Feeding your guinea pigs
Ours get treats of fresh vegetables every day (green peppers, lettuce, cabbage, cucumber etc.) and Timothy Hay based pellets. Most Importantly they eat lots of KMS Hayloft 2nd cut Timothy Hay. It is not just food, it helps keep their teeth healthy and it is lots of fun to run and jump into a big pile of hay. They also like to play hide and seek in it. The fibre is good for the gut. They eat only KMS Timothy Choice pellets because they're the best :-) Also given, every day, half of a 100mg Vitamin C tablet (that's 50mg per guinea pig per day!) of Wonder Laboratories product 0651/0652 (Qty 100 or 250). We used to use Puritans Pride Acerola with Vitamin C, however they drastically changed the formulation of their product and most guinea pigswould no longer eat them, probably because they put Sorbitol in them!! They tasted awful to us too. Ours couldn't even stand the smell. Guess they drove everybody away, because they no longer sell 100mg at all! We have tried GNC and American Health products and they won't eat them either, although we don't know why. Using Wonder Laboratories our guinea pigs love them, although a rabbit we know refused to eat those too. They call them 'Wafers', but they are very thick and need a pill cutter to prepare for use. By being thick, youngsters can even have mouths that are too small to eat them, in which case we break them down further into quarters (our female 'Honeydew' is still too small to eat 50mg chunks).
Our older friends, or if they are sick, eat Critical Care to get a real boost. Recently, on the advice of the Cambridge Cavy Trust, we have been using Critter Be Better from American Pet Diner. Oxbow products can often be bought from local feedstores..
What they CAN eat daily: Carrot, Cabbage, Celery, Apple, Grapes, Melon, Peach, Pineapple, Plums, Lettuce, Cucumber, Meadow Hay, any Guinea Pig pellets with NO Additives or colouring, Russell Rabbit Carrot and Leek (in UK), Pear, Banana, Orange, Radish, Broccoli, Cauliflower Leaf, Peas, Parsnips, Green/Red/Yellow Peppers, Tomatoes, Cherries, Grass, Com, Oats, Wheat. NOTE: when using grass, make sure no insecticide, herbicide or fertiliser has been sprayed on the grass!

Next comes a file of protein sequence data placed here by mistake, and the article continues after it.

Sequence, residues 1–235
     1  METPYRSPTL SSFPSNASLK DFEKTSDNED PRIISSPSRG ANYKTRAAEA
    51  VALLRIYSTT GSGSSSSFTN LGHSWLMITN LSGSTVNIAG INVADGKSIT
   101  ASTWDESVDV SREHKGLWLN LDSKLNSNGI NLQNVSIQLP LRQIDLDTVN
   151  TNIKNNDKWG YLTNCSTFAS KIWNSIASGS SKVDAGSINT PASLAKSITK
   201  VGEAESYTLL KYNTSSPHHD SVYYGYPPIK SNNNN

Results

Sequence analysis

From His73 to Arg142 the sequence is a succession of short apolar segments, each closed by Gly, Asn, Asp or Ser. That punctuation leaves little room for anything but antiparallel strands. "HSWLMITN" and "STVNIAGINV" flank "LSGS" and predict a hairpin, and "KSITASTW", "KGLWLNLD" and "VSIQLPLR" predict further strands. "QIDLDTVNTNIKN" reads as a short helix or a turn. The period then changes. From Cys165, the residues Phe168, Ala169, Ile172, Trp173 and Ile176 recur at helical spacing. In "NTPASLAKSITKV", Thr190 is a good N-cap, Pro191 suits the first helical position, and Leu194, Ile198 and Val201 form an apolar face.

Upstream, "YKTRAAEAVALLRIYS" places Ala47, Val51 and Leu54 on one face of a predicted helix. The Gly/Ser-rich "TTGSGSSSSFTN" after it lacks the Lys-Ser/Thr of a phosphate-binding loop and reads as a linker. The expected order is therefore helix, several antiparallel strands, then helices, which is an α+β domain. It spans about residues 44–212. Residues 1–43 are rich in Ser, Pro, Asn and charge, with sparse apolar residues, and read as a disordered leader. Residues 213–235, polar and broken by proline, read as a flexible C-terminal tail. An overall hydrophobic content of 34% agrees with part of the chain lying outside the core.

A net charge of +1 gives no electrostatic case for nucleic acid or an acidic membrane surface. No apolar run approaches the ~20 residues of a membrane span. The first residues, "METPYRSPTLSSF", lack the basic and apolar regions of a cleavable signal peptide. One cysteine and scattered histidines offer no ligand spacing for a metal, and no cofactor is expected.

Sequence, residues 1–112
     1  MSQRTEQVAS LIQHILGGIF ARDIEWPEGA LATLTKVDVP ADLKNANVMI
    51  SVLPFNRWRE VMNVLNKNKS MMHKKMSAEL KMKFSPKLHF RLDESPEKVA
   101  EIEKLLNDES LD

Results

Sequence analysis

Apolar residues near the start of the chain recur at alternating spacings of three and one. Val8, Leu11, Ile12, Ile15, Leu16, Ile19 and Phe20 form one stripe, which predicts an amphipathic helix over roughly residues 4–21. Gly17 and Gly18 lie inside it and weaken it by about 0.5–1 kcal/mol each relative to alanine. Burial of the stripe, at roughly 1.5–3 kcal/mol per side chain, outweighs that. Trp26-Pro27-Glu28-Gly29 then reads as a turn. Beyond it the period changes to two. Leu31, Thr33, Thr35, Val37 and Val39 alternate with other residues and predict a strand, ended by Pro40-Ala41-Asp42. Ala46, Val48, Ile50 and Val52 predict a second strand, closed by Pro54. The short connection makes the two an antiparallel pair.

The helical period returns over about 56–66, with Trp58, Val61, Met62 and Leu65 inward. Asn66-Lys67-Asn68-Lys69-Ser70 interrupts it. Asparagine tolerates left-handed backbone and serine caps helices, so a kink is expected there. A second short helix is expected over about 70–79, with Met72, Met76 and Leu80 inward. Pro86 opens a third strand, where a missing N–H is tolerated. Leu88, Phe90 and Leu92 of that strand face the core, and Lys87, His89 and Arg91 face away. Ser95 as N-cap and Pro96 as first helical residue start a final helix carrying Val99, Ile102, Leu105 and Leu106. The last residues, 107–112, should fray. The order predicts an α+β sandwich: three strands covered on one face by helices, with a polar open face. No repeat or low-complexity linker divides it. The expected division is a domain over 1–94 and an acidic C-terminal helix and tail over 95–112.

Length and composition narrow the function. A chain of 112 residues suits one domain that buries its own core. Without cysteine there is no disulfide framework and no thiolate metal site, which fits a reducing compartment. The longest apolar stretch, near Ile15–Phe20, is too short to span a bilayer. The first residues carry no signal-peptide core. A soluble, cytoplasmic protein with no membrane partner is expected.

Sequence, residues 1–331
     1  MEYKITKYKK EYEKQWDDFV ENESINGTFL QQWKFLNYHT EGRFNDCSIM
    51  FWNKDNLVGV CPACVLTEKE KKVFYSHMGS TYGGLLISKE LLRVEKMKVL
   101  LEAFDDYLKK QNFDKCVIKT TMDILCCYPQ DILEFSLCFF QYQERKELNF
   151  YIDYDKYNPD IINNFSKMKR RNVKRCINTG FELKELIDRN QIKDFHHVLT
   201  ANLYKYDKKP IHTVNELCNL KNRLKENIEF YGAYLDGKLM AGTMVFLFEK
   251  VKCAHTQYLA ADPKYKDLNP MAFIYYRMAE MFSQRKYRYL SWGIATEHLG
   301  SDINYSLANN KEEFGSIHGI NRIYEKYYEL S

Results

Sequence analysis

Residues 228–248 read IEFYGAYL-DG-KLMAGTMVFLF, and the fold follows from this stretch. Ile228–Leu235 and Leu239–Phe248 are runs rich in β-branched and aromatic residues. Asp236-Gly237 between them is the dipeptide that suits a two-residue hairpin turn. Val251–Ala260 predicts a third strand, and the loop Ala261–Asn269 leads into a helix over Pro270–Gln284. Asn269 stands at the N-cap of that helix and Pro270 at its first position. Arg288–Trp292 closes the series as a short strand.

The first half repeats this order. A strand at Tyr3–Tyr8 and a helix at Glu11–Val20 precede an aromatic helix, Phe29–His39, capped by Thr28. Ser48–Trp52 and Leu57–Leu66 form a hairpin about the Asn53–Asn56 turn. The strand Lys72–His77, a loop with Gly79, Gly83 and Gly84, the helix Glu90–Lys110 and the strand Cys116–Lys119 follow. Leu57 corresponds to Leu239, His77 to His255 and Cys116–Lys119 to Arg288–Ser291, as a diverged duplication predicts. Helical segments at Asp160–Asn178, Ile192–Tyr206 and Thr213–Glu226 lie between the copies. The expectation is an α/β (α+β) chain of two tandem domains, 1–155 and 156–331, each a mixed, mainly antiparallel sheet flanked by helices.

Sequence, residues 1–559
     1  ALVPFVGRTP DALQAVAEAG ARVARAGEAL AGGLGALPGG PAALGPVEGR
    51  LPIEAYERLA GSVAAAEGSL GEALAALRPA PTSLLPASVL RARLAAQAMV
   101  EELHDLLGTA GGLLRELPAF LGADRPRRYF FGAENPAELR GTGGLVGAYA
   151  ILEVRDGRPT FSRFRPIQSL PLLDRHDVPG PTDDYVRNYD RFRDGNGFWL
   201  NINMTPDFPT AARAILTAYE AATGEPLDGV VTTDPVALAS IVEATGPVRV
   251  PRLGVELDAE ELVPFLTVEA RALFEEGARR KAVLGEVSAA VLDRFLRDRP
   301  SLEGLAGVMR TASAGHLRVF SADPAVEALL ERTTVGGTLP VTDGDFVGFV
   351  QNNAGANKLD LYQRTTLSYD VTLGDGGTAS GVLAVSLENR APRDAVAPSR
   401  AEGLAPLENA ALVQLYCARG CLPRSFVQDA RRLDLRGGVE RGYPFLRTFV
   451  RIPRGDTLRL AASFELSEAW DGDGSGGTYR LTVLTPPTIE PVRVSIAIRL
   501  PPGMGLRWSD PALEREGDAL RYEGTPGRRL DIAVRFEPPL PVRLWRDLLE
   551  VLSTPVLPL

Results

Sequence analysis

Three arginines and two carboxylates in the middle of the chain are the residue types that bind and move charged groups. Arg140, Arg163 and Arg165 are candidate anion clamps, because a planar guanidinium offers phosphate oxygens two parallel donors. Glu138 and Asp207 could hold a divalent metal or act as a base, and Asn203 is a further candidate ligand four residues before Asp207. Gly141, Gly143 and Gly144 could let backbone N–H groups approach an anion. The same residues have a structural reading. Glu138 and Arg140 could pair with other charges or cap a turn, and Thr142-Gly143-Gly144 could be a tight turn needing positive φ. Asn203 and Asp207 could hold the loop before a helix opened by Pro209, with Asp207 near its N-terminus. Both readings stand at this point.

Things you must NOT feed your guinea pig: Spinach, Chicory, Alfalfa Hay, Guinea Pig Mix with seeds or dried fruit, Basil, Swiss Chard, Water Cress, Sweet Clover Hay, Beetroot TOPS, RAW Potato, Rhubarb, Buttercups, Moss, Bindweed, Leaf or Flowers from Bulbs, Evergreens, Ragwort, Ferns. Anything spicy hot. This is not an exhaustive list. If in doubt, leave it out! Don't feed them nuts or seeds - these can cause dental and abcess problems (example - "wild" bird seed). If a pet store tries to sell you a salt (NaCl) block then tell them it most certainly is NOT required for guinea pigs. If you have one, or have been buying them, take them away from your guinea pig(s) NOW.
Water - Water and water "quality" are extremely important. High concentrations of minerals can cause kidney stones, most of which are calcium or phosphorus based. If your guinea pigs have a genetic history of stone formation (you have offspring from a previously affected pig), or if you are in doubt, it is best to use one gallon bottled water from stores such as Walmart/Neighborhood Market, Target, Publix, Ingles, etc. Make sure that the jug/bottle says "Reverse Osmosis" on it and not "tap water", "drinking water", "distilled water" etc. Clean your guninea pig water bottles regularly, using careful rinsing after the cleaning. Don't use water from store-based RO machines (refillable jugs/bottles) - these can be poorly maintained and of little to no use. If you want RO water for you, your family and guinea pigs, you can install an under-the-sink unit. Low cost, but harder maintenance systems from GE can be bought for as low as $150 from Home Depot, etc. A simple low work-load one at $250 is made by Watts. It can make 50 gallons per day, with a waste ratio of 2:1. Most guinea pigs (obviously depending on size) should drink between 1.4 fl.oz. (40 ml) to 3.2 fl.oz. (90 ml) per day each. In the USA, further guidance can be found at the USGS Water Quality web pages. The most important image is:
UK water hardness map
Light green=soft; Middle green=medium; Dark green=hard
You may want to try to find your own country's water hardness map.